Twirling towards freedom

Campaign Week 3: Kissing booth

Three weeks of campaigning down, two to go, and there’s already enough material for a photo gallery of ‘Tony Abbott’s kisses and misses on the election trail.’ For a few anxious days there, it didn’t seem as though we’d get a more hilarious photo than the one of Abbott sniffing a woman’s hair, but yesterday Abbott obliged us by bending down and giving an elderly nun a nice, open-mouthed kiss on the lips. When she heard about the fizz this little peck had created on social media, Sister Jacinta Fong exclaimed, “We’re just good friends!”

Apparently Abbott wasn’t at Sydney’s St Vincents Hospital just to move the hearts and stomachs of the nation. It was also to announce a $340 million plan to boost health services. Although according to Senator Penny Wong, “Abbott has confirmed he would cut $3bn from the health system to pay for his commitment to remove the means test of the private health insurance rebate.” Not quite: the removal of the means test has only been cited as an aspiration, and Abbott hasn’t guaranteed it would be done within his first term. Whether or not the Coalition’s health policy spends $340 million or cuts $3bn from the health system, what remains certain is that it’s not going to be what we remember from this week of the campaign.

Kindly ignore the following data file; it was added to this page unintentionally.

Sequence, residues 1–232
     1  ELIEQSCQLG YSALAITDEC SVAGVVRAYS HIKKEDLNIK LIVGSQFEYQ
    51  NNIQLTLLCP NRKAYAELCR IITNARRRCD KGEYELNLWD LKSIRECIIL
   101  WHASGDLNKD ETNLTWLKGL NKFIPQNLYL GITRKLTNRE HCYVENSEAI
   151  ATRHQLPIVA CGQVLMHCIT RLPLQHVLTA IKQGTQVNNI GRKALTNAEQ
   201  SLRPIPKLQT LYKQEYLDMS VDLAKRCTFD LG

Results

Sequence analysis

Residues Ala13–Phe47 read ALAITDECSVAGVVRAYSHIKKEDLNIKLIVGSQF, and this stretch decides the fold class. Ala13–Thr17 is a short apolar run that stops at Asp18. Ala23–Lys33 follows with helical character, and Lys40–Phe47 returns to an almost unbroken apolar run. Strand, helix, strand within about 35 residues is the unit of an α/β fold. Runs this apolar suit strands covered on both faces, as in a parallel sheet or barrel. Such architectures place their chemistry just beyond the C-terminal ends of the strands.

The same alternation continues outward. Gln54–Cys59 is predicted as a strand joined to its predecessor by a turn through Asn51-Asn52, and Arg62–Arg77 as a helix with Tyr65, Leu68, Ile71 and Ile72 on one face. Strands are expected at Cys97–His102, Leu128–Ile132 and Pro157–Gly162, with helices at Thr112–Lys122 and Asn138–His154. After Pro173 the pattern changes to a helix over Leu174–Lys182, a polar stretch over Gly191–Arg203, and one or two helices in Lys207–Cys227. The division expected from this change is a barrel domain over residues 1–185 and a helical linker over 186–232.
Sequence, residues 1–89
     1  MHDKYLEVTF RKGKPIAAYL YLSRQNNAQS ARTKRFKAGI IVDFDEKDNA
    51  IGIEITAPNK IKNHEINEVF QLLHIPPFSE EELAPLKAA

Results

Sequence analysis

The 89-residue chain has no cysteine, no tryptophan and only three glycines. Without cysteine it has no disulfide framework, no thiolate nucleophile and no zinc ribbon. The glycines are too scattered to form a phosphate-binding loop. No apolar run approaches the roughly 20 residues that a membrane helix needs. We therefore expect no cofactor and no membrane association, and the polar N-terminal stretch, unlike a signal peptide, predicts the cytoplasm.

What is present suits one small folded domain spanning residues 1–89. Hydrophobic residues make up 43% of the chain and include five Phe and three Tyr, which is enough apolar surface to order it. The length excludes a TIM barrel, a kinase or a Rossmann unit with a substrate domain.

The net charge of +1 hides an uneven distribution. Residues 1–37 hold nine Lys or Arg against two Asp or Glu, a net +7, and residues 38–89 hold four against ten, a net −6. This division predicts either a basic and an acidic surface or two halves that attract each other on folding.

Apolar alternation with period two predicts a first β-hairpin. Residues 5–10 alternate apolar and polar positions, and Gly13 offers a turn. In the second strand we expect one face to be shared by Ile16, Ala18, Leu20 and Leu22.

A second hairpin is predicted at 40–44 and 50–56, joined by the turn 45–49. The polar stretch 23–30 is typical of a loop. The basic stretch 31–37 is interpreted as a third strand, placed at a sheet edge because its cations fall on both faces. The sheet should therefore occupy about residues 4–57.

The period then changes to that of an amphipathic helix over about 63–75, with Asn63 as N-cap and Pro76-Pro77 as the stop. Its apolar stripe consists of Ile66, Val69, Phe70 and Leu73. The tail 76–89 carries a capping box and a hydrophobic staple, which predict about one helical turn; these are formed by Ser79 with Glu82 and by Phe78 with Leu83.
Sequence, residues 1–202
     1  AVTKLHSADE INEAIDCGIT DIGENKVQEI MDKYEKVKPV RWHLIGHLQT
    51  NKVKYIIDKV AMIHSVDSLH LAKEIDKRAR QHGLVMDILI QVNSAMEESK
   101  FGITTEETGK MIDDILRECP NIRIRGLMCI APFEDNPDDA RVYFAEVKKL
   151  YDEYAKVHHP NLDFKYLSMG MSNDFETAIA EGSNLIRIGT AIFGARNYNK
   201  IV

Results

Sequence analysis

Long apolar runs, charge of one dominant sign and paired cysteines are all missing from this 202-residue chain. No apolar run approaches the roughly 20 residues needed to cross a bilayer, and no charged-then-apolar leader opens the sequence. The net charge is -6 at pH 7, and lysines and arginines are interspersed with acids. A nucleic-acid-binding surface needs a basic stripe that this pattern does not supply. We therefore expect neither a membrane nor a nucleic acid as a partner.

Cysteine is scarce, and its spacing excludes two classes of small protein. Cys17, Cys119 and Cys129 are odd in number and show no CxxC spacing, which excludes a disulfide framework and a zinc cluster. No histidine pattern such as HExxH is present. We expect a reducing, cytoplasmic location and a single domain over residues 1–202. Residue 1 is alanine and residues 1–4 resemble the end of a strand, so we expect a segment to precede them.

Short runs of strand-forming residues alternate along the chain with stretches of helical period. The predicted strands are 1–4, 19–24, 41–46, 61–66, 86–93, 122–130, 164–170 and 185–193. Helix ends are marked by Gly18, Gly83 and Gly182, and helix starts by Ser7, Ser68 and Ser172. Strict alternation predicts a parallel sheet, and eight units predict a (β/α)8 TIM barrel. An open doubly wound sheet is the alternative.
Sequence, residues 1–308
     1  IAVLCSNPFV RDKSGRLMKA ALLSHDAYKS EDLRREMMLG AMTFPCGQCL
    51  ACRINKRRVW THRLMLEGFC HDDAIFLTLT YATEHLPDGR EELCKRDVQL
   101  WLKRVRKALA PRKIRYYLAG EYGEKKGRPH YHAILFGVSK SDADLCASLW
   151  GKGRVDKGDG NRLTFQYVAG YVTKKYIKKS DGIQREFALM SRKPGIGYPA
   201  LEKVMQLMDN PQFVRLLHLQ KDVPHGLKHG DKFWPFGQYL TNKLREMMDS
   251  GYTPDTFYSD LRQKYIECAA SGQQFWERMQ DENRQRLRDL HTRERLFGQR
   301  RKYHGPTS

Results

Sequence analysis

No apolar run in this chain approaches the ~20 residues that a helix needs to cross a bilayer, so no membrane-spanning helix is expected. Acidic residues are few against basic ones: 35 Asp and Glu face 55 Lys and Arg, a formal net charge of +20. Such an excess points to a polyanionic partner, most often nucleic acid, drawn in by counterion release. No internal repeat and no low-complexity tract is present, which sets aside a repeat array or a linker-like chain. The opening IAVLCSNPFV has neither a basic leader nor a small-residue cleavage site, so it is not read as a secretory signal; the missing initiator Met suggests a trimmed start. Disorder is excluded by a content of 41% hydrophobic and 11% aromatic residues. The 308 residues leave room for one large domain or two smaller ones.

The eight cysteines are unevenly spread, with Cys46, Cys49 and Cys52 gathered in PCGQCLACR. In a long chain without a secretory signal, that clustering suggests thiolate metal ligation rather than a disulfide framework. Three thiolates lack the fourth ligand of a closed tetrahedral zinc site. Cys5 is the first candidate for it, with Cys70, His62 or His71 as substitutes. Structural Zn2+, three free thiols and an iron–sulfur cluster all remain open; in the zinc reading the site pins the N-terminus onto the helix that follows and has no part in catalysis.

When policy announcements take the form of an endless back and forth from each side, the shouting of facts and figures is never going to be as interesting to most voters as a quickly slapped together meme about Tony Abbott’s relationship with women.

Whether Abbott keeps offering up his lizard lips at campaign stops as a means of ensuring that his kisses receive more media coverage than his policy announcements is between him, God and Sister Fong, but it wouldn’t be a bad strategy.

As a member of the political left, I’m used to being in debates where we yell at each other loudly in a rush to agree with each other. I’m just not used to seeing it onstage. The recent leadership debates have seen Abbott and Rudd do little more than natter away at each other about the increasingly diminishing differences between their parties.

With so little variation in the political debate, which now frames Australian solely as an economy, criticism of the campaigners looking for purchase has largely been reduced to photos, saying “Hey, check out these assholes.”

Similarly, without much good to say about either of the men anointed to lead our democracy, perhaps it’s no surprise that we perk up when we see a picture of Rudd with a child dressed as Nemo. Finding Nemo was a great film after all, and unlike the candidates running in this election, had a moral.

Michaela McGuire

Michaela McGuire is a journalist and the author of Last Bets: A True Story of Gambling, Morality and the Law and the Penguin Special A Story of Grief. Visit her blog, Twirling Towards Freedom.


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